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Public goods and ethnic divisions

  • Alesina, Alberto
  • Baqir, Reza
  • Easterly, William

The authors present a model that links heterogeneity of preferences across ethnic groups in a city to the amount and type of public good the city supplies. Results show that the shares of spending on productive public goods - education, roads, sewers, and trash pickup _ in U.S. cities (metro areas/urban counties) are inversely related to the city's (metro area's/county's) ethnic fragmentation, even after controlling for other socioeconomic and demographic determinants. They conclude that the ethnic conflict is an important determinant of local public finances. In cities where ethnic groups are polarized, and where politicians have ethnic constituencies, the share of spending that goes to public goods is low. Their results are driven mainly by how white-majority cities react to varying minority-groups sizes. Voters choose lower public goods when a significant fraction of tax revenues collected from one ethnic group is used to provide public goods shared with other ethnic groups.

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Paper provided by The World Bank in its series Policy Research Working Paper Series with number 2108.

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Date of creation: 31 May 1999
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Handle: RePEc:wbk:wbrwps:2108
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  1. James M. Poterba, 1997. "Demographic structure and the political economy of public education," Journal of Policy Analysis and Management, John Wiley & Sons, Ltd., vol. 16(1), pages 48-66.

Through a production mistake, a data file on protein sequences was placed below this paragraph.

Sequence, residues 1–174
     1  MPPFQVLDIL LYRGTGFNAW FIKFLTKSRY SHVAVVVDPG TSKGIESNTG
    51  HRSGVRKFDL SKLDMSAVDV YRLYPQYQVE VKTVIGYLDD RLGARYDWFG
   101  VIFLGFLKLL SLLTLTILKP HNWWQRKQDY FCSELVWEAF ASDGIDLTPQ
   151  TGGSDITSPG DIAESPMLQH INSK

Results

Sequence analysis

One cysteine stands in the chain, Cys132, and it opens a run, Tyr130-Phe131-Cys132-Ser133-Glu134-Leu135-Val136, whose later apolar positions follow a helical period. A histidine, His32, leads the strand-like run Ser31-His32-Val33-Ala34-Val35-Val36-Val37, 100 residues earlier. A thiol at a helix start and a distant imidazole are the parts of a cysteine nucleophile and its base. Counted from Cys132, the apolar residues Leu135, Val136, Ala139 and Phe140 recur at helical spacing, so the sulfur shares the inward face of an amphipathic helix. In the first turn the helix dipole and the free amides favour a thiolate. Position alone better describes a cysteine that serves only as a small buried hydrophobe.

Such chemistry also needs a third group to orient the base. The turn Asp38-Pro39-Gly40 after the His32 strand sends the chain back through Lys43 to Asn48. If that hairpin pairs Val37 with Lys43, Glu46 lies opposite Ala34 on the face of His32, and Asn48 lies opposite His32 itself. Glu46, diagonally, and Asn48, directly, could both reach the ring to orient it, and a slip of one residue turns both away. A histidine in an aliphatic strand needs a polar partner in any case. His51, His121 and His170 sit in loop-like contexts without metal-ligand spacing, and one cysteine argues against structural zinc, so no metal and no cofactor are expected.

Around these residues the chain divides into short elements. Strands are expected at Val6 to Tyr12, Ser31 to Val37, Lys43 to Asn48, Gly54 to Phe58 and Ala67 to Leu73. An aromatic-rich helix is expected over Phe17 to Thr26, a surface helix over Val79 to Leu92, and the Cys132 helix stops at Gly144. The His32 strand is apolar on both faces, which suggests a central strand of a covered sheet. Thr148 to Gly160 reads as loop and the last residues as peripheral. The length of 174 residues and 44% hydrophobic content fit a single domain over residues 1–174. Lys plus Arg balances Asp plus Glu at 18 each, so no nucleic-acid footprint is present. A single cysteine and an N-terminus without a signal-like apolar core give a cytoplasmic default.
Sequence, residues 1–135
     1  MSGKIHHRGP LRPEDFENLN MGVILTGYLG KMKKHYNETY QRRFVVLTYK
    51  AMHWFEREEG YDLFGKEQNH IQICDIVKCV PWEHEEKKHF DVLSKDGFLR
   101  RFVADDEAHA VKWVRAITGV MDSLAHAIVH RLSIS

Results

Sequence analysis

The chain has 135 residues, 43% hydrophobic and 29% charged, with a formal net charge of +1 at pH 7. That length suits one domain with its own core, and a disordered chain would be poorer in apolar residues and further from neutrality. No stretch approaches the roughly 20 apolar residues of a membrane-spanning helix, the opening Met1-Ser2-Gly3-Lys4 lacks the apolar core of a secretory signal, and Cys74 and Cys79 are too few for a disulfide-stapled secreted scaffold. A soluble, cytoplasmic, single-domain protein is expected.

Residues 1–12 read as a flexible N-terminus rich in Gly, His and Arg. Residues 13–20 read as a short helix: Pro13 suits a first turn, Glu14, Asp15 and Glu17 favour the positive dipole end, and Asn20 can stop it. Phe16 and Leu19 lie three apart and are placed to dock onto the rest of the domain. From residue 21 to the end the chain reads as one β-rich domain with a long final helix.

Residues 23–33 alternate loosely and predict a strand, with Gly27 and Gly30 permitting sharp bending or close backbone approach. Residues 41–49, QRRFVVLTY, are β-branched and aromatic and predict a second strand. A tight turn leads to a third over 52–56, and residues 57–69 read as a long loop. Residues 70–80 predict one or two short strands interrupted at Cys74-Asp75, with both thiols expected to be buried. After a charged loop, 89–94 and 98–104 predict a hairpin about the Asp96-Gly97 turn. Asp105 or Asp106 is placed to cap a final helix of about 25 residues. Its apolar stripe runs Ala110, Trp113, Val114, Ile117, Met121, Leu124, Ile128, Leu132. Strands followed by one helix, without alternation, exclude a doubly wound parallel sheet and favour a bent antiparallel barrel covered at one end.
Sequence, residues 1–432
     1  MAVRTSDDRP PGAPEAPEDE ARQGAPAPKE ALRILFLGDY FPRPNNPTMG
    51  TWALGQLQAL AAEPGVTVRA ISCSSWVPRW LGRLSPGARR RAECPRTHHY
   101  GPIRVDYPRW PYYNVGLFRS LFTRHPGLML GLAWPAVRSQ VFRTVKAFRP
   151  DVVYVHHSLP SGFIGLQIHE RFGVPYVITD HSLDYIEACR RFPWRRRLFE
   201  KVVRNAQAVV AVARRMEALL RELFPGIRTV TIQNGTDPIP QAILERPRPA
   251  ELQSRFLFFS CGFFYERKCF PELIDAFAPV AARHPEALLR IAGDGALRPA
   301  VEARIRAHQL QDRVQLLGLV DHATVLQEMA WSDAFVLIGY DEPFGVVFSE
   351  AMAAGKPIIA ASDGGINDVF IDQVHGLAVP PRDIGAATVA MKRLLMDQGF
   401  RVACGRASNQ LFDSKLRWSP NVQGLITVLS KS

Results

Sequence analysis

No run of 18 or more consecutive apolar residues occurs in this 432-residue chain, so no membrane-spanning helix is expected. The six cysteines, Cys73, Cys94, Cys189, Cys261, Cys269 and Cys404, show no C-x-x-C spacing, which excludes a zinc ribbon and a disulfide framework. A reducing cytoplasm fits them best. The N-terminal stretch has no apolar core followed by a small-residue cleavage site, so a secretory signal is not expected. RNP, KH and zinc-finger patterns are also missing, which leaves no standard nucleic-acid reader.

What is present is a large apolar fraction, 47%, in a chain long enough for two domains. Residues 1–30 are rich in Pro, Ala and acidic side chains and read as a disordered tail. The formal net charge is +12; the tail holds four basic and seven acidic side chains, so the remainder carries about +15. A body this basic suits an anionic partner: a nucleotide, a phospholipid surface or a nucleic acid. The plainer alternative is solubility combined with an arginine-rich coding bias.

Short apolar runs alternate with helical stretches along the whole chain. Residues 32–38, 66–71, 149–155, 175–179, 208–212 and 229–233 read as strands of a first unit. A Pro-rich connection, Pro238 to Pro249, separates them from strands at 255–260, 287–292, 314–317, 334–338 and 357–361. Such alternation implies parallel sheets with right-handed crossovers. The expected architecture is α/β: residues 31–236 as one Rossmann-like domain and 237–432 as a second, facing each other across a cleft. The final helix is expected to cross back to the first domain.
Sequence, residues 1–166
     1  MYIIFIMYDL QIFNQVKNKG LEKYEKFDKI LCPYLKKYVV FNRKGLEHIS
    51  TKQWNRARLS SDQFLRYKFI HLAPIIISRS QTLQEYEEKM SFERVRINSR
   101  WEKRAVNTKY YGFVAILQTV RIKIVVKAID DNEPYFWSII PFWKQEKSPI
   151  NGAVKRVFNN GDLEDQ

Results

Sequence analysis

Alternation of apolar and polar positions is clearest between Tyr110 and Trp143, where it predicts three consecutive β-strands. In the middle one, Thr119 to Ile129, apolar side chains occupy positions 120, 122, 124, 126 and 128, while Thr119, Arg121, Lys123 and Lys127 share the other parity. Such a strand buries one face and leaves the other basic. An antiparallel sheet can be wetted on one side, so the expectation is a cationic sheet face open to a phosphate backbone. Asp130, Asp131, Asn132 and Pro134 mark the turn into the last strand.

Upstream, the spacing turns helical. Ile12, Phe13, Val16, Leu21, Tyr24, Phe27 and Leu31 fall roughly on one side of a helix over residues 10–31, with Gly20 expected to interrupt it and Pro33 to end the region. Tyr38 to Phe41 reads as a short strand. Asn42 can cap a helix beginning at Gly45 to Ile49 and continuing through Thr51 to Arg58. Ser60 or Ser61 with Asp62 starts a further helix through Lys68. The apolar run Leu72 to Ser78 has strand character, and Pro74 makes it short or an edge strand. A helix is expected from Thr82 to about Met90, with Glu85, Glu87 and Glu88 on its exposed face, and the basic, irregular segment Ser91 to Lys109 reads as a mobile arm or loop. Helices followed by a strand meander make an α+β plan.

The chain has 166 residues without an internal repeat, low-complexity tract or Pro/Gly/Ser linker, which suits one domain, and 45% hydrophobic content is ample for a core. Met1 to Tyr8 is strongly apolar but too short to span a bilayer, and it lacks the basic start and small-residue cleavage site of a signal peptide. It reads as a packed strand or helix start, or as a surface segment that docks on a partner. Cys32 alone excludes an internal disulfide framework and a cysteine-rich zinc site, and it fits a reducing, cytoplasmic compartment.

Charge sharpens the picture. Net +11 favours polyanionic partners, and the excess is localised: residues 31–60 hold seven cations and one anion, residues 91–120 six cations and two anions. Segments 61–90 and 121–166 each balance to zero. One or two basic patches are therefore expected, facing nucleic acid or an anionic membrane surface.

2. Easterly, William & Baqir, Reza & Alesina, Alberto, 2000. "Redistributive Public Employment," Scholarly Articles 4553013, Harvard University Department of Economics.
  3. Benabou, Roland, 1996. "Equity and Efficiency in Human Capital Investment: The Local Connection," Review of Economic Studies, Wiley Blackwell, vol. 63(2), pages 237-64, April.
  4. Rubinfeld, Daniel L & Shapiro, Perry & Roberts, Judith, 1987. "Tiebout Bias and the Demand for Local Public Schooling," The Review of Economics and Statistics, MIT Press, vol. 69(3), pages 426-37, August.
  5. Roland Benabou, 1991. "Workings of a City: Location, Education, and Production," NBER Technical Working Papers 0113, National Bureau of Economic Research, Inc.
  6. Mauro, Paolo, 1995. "Corruption and Growth," The Quarterly Journal of Economics, MIT Press, vol. 110(3), pages 681-712, August.
  7. Epple, Dennis & Romer, Thomas, 1991. "Mobility and Redistribution," Journal of Political Economy, University of Chicago Press, vol. 99(4), pages 828-58, August.
  8. Easterly, William & Levine, Ross, 1997. "Africa's Growth Tragedy: Policies and Ethnic Divisions," The Quarterly Journal of Economics, MIT Press, vol. 112(4), pages 1203-50, November.
  9. Meltzer, Allan H & Richard, Scott F, 1981. "A Rational Theory of the Size of Government," Journal of Political Economy, University of Chicago Press, vol. 89(5), pages 914-27, October.
  10. Weingast, Barry R & Shepsle, Kenneth A & Johnsen, Christopher, 1981. "The Political Economy of Benefits and Costs: A Neoclassical Approach to Distributive Politics," Journal of Political Economy, University of Chicago Press, vol. 89(4), pages 642-64, August.
  11. Alesina, Alberto & Spolaore, Enrico, 1997. "On the Number and Size of Nations," The Quarterly Journal of Economics, MIT Press, vol. 112(4), pages 1027-56, November.
  12. Perotti, Roberto, 1996. " Growth, Income Distribution, and Democracy: What the Data Say," Journal of Economic Growth, Springer, vol. 1(2), pages 149-87, June.
  13. David M. Cutler & Edward L. Glaeser, 1995. "Are Ghettos Good or Bad?," NBER Working Papers 5163, National Bureau of Economic Research, Inc.
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